Amongst several contemporaries of Scarlatti who devoted themselves to the solo cantata, one of the most prolific was influential globetrotter Giovanni Bononcini, who wrote up to 283. During the first quarter of the 18th century, Bononcini's cantatas represented the principal trend of this genre. In these works, a fluent and effective technique is combined with a real gift for the composition of melodies. These lamenti are the central element of Bononcini's dramatic works; his genius is perfectly adapted to tender and pathetic emotions. Another important aspect of his music is the magnificent use of the text. In 1789, Charles Burney called Bononcini "the most prolific cantatas composer" and claimed that Bononcini's recitatives were universally perceived as the best of their time. Now, Cyril Auvity and his ensemble L'Yriade offer an enthusiastic and totally committed interpretation of some of Bononcini's cantatas, revealing the extreme force of those magical works.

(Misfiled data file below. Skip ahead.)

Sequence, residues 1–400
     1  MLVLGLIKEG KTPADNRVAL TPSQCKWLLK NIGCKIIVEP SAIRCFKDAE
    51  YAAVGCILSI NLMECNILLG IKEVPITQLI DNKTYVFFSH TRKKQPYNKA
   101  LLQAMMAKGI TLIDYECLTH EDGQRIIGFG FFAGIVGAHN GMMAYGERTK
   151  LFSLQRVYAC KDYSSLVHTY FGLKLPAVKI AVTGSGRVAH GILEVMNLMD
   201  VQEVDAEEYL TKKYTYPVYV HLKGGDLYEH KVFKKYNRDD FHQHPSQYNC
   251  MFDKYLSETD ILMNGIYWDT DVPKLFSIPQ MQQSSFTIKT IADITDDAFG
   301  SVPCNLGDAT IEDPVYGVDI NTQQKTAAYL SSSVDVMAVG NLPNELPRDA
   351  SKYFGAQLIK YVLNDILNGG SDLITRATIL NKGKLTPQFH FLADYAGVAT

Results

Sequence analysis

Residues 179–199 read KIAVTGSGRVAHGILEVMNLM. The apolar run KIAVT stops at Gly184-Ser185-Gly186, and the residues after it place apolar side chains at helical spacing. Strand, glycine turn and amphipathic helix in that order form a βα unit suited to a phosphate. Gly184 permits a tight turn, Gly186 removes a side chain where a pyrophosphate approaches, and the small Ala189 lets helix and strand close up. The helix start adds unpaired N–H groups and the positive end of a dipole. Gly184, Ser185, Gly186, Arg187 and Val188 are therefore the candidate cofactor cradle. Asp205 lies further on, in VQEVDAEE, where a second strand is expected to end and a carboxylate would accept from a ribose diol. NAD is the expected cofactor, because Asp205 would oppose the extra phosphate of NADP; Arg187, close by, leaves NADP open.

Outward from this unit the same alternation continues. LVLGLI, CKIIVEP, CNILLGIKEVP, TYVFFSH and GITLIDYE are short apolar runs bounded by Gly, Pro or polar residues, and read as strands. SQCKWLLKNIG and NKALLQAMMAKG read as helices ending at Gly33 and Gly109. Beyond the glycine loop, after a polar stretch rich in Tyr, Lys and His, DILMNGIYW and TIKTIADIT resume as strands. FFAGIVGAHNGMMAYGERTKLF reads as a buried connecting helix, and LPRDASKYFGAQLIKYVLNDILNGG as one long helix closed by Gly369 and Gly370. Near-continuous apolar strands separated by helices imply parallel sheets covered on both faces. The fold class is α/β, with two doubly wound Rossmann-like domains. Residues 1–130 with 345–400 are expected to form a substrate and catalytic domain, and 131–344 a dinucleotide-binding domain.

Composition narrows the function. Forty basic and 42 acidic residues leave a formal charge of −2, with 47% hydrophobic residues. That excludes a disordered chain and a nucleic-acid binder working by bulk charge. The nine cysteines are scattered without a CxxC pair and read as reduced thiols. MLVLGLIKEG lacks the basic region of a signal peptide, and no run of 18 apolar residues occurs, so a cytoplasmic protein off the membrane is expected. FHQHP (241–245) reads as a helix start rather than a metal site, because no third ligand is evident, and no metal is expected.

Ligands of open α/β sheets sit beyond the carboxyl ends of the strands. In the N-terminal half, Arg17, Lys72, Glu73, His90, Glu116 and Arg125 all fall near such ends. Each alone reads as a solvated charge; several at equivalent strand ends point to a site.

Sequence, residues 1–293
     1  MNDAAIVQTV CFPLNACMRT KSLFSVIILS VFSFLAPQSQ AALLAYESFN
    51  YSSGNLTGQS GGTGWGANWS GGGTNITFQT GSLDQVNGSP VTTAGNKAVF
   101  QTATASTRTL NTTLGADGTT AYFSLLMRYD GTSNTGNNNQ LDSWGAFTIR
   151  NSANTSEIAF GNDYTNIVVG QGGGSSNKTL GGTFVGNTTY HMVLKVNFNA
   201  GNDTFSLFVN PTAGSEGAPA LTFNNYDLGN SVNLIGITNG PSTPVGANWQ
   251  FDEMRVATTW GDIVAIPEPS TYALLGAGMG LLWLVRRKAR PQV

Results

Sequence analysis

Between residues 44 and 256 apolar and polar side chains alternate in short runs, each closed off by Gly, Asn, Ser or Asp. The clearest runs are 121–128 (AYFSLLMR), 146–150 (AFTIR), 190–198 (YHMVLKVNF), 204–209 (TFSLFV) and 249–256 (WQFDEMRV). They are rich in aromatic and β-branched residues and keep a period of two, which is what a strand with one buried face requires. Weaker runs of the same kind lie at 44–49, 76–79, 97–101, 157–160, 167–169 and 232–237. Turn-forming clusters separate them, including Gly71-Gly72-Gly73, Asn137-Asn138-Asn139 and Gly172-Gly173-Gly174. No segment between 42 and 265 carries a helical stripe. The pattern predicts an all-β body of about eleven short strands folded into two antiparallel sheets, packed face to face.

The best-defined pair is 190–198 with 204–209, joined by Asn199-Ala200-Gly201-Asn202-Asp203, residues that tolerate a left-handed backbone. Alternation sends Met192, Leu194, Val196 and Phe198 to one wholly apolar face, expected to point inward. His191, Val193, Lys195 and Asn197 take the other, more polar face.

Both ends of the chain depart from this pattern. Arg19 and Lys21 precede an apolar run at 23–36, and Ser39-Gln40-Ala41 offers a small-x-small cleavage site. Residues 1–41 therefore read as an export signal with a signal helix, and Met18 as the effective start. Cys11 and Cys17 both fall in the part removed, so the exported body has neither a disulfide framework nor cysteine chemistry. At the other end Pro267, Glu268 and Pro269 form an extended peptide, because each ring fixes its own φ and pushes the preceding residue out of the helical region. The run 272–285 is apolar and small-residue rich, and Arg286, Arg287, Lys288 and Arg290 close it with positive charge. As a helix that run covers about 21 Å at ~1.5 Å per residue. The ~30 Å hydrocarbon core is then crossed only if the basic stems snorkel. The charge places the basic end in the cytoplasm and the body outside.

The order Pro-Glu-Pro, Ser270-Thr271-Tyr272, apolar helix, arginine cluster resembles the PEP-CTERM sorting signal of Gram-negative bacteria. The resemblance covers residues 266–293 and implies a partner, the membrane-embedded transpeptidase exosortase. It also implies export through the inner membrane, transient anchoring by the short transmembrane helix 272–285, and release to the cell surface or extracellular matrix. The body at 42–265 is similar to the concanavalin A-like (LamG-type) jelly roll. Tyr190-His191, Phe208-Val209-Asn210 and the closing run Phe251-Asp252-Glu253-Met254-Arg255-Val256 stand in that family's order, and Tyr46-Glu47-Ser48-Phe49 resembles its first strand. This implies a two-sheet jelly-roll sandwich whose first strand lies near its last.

Richard Leech has sung his Raoul to enthusiastic audiences in Berlin and elsewhere, and it is good to hear a voice which has such a clean ring to it, evenly produced and tastefully directed (even if not invariably observing Meyerbeer's detailed instructions). The Valentine is Francoise Pollet, an exceptional singer (especially among the French) in the sympathetic roundness of her tone, exactly right for a good nine-tenths of the role (the remaining fraction calling for more rejoicing on the high Cs). As Nevers, the excellent Gilles Cachemaille gives a courtly, well-schooled performance. (Gramophone)